DDT and kidsâ€™ cancer risk: Study finds close correlation
Washington â€” DDT is dangerous for childrenâ€™s health. Though it is still used in many parts of the world, the United States banned the DDT as far back as in the year 1972.
A latest study has found there is strong connection between DDT use and increasing instances of cancer among the kids.
Some older studies have said that the increasing use of DDT in large parts of the world is actually behind birth defects. The poisonous effects of the chemical on wildlife has been well documented, but it is the first time that a study pinpoints the correlation between DDT use and cancer among kids.
The study that has been carried in the Journal of Clinical Endocrinology and Metabolism has said that there is a clear link between pregnant women exposed to DDT and the breast cancer risk to their daughters.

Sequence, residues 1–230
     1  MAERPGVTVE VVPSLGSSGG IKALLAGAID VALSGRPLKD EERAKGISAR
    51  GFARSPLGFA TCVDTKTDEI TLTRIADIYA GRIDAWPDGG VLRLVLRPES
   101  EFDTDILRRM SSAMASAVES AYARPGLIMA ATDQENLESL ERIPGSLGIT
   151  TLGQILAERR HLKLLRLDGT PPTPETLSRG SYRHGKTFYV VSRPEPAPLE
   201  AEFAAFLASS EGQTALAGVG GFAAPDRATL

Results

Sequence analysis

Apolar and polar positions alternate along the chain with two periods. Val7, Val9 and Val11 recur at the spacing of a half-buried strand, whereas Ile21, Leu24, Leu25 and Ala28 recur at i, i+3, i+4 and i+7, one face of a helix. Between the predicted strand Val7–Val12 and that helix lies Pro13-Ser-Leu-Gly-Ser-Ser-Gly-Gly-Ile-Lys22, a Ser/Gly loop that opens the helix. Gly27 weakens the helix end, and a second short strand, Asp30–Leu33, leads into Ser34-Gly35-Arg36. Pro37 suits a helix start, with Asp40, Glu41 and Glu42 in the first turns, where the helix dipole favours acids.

The researchers found that kids born to women who were exposed to DDT during their pregnancy were more likely to suffer from cancer.
In the course of the research, scientists tracked the daughters of women who were part of a study at the Kaiser Foundation Health Plan from 1959 to 1967 near the city of Oakland, Calif. During that time, DDT was widely used and accumulated in the fat of animals that we eat and was found in milk, butter, cheese and other products in the food supply.
The study also concluded that higher levels of DDT in the motherâ€™s blood were actually linked to around four-fold increase in her daughterâ€™s risk of breast cancer and that this was independent of the motherâ€™s history of breast cancer.
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